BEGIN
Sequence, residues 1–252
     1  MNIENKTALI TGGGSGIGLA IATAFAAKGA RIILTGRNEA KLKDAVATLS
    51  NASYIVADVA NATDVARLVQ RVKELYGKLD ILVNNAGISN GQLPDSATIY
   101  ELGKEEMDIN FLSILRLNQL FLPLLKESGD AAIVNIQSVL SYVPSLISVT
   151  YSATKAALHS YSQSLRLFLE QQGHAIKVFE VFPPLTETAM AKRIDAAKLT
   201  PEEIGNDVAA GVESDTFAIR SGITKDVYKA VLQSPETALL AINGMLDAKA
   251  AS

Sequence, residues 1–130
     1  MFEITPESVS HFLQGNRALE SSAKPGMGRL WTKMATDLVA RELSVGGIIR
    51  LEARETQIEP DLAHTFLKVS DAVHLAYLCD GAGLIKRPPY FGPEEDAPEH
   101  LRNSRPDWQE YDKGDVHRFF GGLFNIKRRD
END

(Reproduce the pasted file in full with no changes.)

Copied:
Sequence, residues 1–252
     1  MNIENKTALI TGGGSGIGLA IATAFAAKGA RIILTGRNEA KLKDAVATLS
    51  NASYIVADVA NATDVARLVQ RVKELYGKLD ILVNNAGISN GQLPDSATIY
   101  ELGKEEMDIN FLSILRLNQL FLPLLKESGD AAIVNIQSVL SYVPSLISVT
   151  YSATKAALHS YSQSLRLFLE QQGHAIKVFE VFPPLTETAM AKRIDAAKLT
   201  PEEIGNDVAA GVESDTFAIR SGITKDVYKA VLQSPETALL AINGMLDAKA
   251  AS

Sequence, residues 1–130
     1  MFEITPESVS HFLQGNRALE SSAKPGMGRL WTKMATDLVA RELSVGGIIR
    51  LEARETQIEP DLAHTFLKVS DAVHLAYLCD GAGLIKRPPY FGPEEDAPEH
   101  LRNSRPDWQE YDKGDVHRFF GGLFNIKRRD